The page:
Dressmaking for Beginners

Written by calandra cooper
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Dressmaking for Beginners
Carelessness and lack of pride in workmanship by beginners results homemade-looking garments. (Comstock Images/Comstock/Getty Images)

The art of sewing is more than cutting and stitching. Sewing is made up of many individual skills, each contributing to a professional-looking finished project. It's easy once you know how to do it. For a beginner, the most difficult part of sewing is acquiring the right tools and supplies and following directions so you're able to learn how to sew correctly.

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Purchasing a Sewing Machine

A sewing machine is probably the single largest investment for a beginner sewer, but if properly cared for the machine can last for years. A basic sewing machine, modern or vintage, containing a straight stitch, zigzag stitch, reverse mechanism and a few speciality stitches is sufficient for the beginner. Features beyond those are bonuses which the beginner will eventually grow into as their skills progress. As a rule, the more a sewing machine can do the costlier the machine. Beginners should purchase the best sewing machine that does the most for their money.

Taking Measurements

Good advice to a beginner sewer is to measure twice and cut once. Learn early how to take careful and precise measurements because it's impossible to make a professional looking garment without taking good measurements. Use a flexible tape measure and don't hold the tape too snugly against the body. Get an assistant to help take your own body measurements and always take measurements over undergarments normally worn with the garment being constructed.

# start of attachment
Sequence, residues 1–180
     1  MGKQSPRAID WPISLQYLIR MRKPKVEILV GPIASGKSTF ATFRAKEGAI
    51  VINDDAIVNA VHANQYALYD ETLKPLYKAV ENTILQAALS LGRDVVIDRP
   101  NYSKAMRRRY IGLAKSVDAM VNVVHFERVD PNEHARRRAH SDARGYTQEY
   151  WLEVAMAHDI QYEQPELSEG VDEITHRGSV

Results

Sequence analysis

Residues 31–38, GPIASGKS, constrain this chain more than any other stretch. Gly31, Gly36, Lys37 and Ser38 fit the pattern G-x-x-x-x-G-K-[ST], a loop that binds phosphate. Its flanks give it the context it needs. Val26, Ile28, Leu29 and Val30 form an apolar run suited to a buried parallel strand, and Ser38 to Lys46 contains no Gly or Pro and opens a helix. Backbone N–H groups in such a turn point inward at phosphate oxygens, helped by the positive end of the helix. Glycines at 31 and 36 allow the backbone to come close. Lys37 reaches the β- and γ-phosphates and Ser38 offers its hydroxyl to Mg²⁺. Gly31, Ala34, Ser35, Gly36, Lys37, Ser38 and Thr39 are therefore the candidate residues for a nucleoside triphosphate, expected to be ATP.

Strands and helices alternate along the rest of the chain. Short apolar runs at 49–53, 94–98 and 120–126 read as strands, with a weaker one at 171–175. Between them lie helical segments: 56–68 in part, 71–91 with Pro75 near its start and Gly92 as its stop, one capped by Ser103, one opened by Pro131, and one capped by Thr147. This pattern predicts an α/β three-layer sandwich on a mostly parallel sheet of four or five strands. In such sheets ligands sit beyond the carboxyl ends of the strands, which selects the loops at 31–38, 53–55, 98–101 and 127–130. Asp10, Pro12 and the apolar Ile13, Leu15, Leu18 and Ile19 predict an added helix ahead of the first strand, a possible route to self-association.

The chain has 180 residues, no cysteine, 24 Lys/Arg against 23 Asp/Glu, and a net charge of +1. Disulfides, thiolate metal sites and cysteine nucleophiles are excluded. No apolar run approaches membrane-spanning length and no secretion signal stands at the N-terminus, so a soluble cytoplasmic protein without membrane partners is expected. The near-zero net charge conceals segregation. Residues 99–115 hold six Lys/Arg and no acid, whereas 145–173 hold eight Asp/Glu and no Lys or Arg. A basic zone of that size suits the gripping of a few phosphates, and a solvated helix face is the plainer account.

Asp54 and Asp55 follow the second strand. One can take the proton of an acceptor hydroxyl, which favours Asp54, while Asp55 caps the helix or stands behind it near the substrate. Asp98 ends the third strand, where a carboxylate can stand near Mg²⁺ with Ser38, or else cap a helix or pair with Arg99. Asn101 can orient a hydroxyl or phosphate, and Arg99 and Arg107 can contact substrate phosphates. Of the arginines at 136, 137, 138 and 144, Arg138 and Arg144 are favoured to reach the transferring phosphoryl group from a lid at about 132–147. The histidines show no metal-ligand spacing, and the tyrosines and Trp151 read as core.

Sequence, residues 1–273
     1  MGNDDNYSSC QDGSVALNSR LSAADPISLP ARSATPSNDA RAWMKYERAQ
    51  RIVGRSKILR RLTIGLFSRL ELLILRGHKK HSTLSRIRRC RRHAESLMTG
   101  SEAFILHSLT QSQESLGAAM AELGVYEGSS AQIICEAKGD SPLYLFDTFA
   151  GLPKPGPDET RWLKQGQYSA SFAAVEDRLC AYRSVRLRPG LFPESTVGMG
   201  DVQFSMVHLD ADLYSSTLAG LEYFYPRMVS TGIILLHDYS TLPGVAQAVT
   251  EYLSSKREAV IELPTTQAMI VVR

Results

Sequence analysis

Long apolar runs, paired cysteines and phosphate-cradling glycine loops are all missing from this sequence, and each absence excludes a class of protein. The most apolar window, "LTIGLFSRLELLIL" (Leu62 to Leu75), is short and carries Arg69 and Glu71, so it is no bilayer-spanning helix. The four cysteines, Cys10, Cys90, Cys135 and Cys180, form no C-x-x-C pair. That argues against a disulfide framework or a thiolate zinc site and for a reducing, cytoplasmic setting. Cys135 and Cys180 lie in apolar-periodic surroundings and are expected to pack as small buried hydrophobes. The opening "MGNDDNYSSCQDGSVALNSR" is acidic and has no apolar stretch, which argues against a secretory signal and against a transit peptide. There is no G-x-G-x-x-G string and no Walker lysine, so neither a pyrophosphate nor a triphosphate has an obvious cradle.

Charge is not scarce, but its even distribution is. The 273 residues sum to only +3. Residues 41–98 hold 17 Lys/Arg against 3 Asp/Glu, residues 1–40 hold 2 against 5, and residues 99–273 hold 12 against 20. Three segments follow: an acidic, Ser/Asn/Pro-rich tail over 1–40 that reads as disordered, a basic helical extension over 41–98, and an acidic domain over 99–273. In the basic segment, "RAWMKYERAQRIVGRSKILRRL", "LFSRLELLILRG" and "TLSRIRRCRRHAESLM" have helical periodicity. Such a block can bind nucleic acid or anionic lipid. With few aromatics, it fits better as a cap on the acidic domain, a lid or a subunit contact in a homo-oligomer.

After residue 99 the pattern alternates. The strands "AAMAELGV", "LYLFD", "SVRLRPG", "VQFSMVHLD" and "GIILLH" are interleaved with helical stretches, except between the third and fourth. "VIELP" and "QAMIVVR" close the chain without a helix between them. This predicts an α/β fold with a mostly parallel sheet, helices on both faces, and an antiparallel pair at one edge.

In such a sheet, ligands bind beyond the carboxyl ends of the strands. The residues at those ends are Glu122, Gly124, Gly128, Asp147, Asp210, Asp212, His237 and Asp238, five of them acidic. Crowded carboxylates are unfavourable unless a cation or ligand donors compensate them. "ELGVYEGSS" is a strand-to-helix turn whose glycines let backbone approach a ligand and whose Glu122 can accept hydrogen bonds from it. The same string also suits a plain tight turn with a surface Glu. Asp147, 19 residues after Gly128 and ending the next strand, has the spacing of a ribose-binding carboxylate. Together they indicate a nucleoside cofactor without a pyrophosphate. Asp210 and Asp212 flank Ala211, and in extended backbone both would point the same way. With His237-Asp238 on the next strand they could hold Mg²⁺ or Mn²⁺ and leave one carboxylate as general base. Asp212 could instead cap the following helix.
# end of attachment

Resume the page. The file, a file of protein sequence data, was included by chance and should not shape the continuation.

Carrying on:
Purchasing Supplies

Skimping on tools and supplies costs a beginner more money in the future because the cheap stuff will break, not function properly or require frequent replacement. Purchase the best tools and supplies you can afford, adding to your collection over time. Initial tools for a beginner include a dress form, shears, seam ripper, flexible tape measure, pinking shears, marking tools and an iron.

Selecting a Sewing Pattern

Most sewing patterns manufactured today state the level of difficulty on the outside of the pattern envelope. Select a sewing pattern made for beginners. Patterns suitable for beginners generally contain fewer pieces and don't require zippers or too many buttons. Beginners should get in the habit of studying the pattern envelope itself because the illustrations contained on the envelope itself help illustrate the types of fabrics to use and gives the user some type of idea on design and fashion trends.

Reading the Instruction Sheet

Pattern instruction directions are typically found on an instruction sheet inside the sewing pattern envelope and simplify construction. On a vintage sewing pattern instructions are also found on the back of the pattern envelope. While an advance sewer may veer from instructions and develop their own design process; it's important that beginners read the instruction sheet carefully and follow directions precisely.

Marking Pattern Pieces

Construction markings are guideposts to putting together your project or garment. A beginner may be tempted to take shortcuts, but this is a mistake. Take great care in marking all the pattern pieces clearly and precisely no matter how painstaking or insignificant they may seem. Mark darts, seams, notches and other construction markings according to the pattern instructions using marking paper, tailor tacks or tailor's chalk. Once care is taken in marking the pattern pieces cutting is a breeze.

Constructing the Garment

A beginner sewer can avoid a homemade-looking garment through patience and following careful instructions. Beginners avoid mistakes and frustration by taking their time, avoiding sewing when they're tired and not working on single projects in one sitting for extended time. Beginners must remain fresh and focused in their work. Get plenty of rest, work in a comfortable area and set reasonable time limits to sewing, for example no more than two hours a day.

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